Exit the King

Eugène Ionesco, In a New Version by Patrick Marber
National Theatre
Olivier Theatre, National Theatre

In rehearsals for Exit the King, centre Adrian Scarborough, Rhys Ifans, Debra Gillett Credit: Simon Annand

Exit the King forms one of a quartet of plays featuring the central character of Bérenger, of which the most famous in this country is Rhinoceros.

On this occasion, Rhys Ifans is 483- (sic) year-old King Bérenger, whose life is unusual to say the least. Believing in his own mortality, the King has become a despotic monarch of a country that has gradually dwindled and is showing cracks as wide as the symbolic fissure in the royal coat of arms. Not only has the kingdom seen better times but the citizenship is reduced in number to a mere six.

The King’s marital position is as ambivalent as his attitude to the people (all three of them). Dressed in magisterial black, Queen Marguerite played by Indira Varma is dignified but can be quick to anger, perpetually frustrated by her shallow replacement. Looking rather like Cyndi Lauper in her pomp, Amy Morgan takes the role of the far more supportive and considerably younger Queen Marie.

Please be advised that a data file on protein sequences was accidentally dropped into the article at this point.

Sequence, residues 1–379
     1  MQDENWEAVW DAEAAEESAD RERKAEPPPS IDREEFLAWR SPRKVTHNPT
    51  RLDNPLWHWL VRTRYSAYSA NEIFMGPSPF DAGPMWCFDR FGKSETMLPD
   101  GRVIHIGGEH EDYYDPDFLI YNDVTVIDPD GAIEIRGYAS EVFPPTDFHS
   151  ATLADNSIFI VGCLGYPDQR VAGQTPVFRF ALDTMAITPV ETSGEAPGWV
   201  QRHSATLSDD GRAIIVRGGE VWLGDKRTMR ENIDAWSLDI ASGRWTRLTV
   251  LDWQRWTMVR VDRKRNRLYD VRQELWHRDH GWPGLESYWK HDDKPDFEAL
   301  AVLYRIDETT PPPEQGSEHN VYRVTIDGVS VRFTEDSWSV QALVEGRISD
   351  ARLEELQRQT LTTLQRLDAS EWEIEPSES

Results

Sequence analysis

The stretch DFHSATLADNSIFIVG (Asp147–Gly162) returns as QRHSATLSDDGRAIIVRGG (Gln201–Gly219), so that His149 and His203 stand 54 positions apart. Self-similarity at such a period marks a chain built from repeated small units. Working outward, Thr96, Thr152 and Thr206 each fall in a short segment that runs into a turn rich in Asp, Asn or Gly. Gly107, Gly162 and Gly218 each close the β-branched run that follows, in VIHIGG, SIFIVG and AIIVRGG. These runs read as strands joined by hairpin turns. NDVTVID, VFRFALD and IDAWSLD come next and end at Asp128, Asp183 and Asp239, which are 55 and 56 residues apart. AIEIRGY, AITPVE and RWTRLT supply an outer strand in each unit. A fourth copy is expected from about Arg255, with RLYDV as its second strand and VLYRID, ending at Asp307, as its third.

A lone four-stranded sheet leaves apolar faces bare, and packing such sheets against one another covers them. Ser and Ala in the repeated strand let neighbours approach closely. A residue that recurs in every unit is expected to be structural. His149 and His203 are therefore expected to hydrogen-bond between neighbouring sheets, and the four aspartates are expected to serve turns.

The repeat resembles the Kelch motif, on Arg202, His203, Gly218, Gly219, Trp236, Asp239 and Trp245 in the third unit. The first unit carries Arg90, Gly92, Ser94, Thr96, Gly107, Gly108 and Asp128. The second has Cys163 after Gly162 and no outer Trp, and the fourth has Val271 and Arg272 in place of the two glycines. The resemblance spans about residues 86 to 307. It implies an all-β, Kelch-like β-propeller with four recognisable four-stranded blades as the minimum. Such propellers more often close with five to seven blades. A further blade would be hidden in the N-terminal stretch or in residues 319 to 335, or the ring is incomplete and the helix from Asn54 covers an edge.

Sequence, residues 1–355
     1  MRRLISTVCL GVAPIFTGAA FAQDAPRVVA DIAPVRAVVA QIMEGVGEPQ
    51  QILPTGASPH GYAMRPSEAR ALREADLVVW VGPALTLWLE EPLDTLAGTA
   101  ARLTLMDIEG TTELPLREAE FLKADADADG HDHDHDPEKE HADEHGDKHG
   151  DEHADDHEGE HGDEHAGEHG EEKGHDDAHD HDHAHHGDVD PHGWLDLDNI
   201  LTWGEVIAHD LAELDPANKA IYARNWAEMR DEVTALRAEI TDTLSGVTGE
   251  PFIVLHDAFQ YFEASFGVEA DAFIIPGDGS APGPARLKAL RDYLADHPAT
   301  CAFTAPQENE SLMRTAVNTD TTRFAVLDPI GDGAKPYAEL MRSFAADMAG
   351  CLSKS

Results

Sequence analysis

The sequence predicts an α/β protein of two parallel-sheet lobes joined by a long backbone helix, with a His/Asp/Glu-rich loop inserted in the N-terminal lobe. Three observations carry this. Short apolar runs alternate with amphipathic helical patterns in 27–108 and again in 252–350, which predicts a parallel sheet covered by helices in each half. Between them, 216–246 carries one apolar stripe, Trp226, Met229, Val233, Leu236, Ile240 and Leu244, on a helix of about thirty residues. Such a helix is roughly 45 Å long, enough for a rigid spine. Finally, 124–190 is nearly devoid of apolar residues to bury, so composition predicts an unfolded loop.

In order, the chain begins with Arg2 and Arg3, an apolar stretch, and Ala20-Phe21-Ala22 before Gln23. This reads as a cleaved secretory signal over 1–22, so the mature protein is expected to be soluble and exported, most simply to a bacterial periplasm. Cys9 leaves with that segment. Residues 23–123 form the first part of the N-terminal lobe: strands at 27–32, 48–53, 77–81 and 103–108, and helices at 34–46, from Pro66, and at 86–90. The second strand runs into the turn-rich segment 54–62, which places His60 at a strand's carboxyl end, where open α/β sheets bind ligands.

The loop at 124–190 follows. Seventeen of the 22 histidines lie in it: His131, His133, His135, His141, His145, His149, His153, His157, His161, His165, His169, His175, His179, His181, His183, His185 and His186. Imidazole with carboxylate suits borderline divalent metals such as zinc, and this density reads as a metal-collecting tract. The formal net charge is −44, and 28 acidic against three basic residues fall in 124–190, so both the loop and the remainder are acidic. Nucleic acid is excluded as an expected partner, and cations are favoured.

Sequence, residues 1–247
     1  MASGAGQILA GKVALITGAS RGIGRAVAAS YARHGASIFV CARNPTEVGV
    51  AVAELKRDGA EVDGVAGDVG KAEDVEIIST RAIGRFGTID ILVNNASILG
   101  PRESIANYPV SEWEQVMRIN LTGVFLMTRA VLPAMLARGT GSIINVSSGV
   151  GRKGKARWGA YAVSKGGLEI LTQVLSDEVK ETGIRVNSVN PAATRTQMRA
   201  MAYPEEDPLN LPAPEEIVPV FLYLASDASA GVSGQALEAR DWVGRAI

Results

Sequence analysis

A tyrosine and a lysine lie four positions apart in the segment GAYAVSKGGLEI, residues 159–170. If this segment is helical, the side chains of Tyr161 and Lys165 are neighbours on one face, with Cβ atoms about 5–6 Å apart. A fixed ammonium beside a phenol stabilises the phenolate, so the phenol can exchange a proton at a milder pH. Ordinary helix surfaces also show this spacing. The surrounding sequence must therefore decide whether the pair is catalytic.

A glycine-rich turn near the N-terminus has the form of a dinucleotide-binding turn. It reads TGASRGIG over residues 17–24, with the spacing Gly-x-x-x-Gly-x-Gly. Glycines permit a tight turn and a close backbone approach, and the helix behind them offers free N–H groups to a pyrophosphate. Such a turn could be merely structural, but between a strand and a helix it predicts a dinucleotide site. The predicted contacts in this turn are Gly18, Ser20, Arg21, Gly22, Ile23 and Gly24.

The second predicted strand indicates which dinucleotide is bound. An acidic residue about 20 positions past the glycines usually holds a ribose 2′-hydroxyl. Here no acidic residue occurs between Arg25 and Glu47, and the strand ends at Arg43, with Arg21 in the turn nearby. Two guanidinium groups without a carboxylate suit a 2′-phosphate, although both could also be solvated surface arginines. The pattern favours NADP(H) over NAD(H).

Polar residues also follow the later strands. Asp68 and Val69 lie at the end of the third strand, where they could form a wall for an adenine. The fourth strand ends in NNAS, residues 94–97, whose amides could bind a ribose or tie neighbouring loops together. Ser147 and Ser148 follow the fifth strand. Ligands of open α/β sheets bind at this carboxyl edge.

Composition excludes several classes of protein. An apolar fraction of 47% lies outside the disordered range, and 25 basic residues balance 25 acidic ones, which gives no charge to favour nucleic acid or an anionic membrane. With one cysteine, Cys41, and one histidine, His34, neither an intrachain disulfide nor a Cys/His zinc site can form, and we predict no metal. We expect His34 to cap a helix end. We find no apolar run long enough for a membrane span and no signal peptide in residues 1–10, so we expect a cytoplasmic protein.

As the 100-minute production opens, the King begins to meditate on mortality, spurred on not only by his two wives but also Adrian Scarborough as a doctor who doubles as an astrologer and seems to be just as much of a quack whichever hat he dons.

The new version of the play written by Patrick Marber, who also directs, uses memorable, muscular language to convey ideas, almost all of which eventually come back to the perennial subject of death. As the King is beginning to realise, despite his desire for immortality, even the greatest in the land are not immune from the Grim Reaper’s visit, even if they can stave it off longer than many of their put-upon subjects.

As one would expect from a playwright renowned for his absurdist tendencies, the play can be as madcap as Anthony Ward’s set, which has elements of Heath Robinson and makes a strong symbolic gesture as the evening draws to its close.

There are undoubtedly a number of very funny moments but the majority of the play is compiled from speeches and dialogues about the inevitability of death, which is hardly the cheeriest of subjects.

The performances are good, with Rhys Ifans capably conveying the manic panic of a man who realises that his time is almost up, while the bickering Queens are amusing polar opposites.

Although this play, first performed professionally in 1962, may not be the easiest piece to watch, it has the advantage of being part of the Travelex £15 season.

Reviewer: Philip Fisher

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